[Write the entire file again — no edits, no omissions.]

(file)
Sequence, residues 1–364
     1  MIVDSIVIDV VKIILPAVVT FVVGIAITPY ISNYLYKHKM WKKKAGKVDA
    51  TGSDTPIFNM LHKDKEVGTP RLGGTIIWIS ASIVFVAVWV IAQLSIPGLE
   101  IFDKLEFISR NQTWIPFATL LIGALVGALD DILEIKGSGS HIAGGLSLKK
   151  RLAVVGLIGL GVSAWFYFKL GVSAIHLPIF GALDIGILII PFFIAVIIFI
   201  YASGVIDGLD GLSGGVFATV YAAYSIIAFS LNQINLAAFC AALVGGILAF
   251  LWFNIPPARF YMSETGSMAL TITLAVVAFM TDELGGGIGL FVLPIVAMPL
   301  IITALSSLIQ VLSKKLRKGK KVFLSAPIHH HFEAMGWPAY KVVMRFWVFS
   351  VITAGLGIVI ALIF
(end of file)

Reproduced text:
Sequence, residues 1–364
     1  MIVDSIVIDV VKIILPAVVT FVVGIAITPY ISNYLYKHKM WKKKAGKVDA
    51  TGSDTPIFNM LHKDKEVGTP RLGGTIIWIS ASIVFVAVWV IAQLSIPGLE
   101  IFDKLEFISR NQTWIPFATL LIGALVGALD DILEIKGSGS HIAGGLSLKK
   151  RLAVVGLIGL GVSAWFYFKL GVSAIHLPIF GALDIGILII PFFIAVIIFI
   201  YASGVIDGLD GLSGGVFATV YAAYSIIAFS LNQINLAAFC AALVGGILAF
   251  LWFNIPPARF YMSETGSMAL TITLAVVAFM TDELGGGIGL FVLPIVAMPL
   301  IITALSSLIQ VLSKKLRKGK KVFLSAPIHH HFEAMGWPAY KVVMRFWVFS
   351  VITAGLGIVI ALIF